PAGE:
Another interesting article is Americans Are Becoming More Socially Liberal — Except When it Comes to Divorce. According to the author claims (with some data to back it up), that many Millennials view divorce with such distaste, that many require other milestones (establish career, home, college degree, no/low debt, even prior serious relationship and/or cohabitation) to be accomplished prior to that final commitment. The author states:

Marriage has, in other words, gone from being a cornerstone achievement to a capstone one.

The author ends the column with this “capstone”:

So keep this in mind if you ever feel the temptation to urge some broke young couple to hurry up and get hitched already: Chances are they’re dragging their feet not because they don’t take marriage seriously but because they do.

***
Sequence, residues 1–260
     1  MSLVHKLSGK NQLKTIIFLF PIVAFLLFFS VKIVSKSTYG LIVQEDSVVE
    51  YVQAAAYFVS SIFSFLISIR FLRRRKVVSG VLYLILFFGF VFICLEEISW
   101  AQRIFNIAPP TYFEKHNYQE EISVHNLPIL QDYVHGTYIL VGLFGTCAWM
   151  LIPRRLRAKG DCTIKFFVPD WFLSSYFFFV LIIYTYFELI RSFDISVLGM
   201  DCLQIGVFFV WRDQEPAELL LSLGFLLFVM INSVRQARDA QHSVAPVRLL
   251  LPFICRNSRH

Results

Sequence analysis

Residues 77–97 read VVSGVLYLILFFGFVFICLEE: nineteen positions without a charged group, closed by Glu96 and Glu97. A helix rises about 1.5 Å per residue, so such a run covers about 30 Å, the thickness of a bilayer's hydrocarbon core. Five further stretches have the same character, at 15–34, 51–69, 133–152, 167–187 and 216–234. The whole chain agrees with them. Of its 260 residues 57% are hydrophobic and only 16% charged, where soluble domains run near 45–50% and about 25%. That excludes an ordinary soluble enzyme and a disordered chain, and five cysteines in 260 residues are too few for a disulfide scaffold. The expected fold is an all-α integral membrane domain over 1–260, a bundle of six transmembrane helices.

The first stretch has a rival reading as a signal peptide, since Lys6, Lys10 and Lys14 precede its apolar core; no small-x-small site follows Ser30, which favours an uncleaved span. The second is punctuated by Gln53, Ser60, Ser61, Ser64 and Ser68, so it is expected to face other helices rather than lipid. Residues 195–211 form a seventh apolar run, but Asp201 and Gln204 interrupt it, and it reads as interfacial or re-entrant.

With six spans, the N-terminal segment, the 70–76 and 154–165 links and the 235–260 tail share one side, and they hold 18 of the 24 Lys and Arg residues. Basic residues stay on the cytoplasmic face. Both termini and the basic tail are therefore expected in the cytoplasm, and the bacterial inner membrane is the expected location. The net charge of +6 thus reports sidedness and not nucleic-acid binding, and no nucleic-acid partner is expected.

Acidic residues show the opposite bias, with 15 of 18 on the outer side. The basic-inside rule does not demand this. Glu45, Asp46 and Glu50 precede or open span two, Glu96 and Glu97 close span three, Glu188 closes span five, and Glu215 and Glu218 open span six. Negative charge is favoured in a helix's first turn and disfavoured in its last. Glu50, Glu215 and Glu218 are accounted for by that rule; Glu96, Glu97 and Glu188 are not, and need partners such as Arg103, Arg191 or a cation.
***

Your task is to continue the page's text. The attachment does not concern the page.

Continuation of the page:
Mind blown. Before we talk about upholding marriage, we Christians had best work with the secular world to discuss what exactly it is we and they mean.

Selfishness and Going It Alone

And Pharisees came up and in order to test him asked, “Is it lawful for a man to divorce his wife?” He answered them, “What did Moses command you?” They said, “Moses allowed a man to write a certificate of divorce and to send her away.” And Jesus said to them, “Because of your hardness of heart he wrote you this commandment. But from the beginning of creation, ‘God made them male and female.’ ‘Therefore a man shall leave his father and mother and hold fast to his wife, and the two shall become one flesh.’ So they are no longer two but one flesh. What therefore God has joined together, let not man separate.”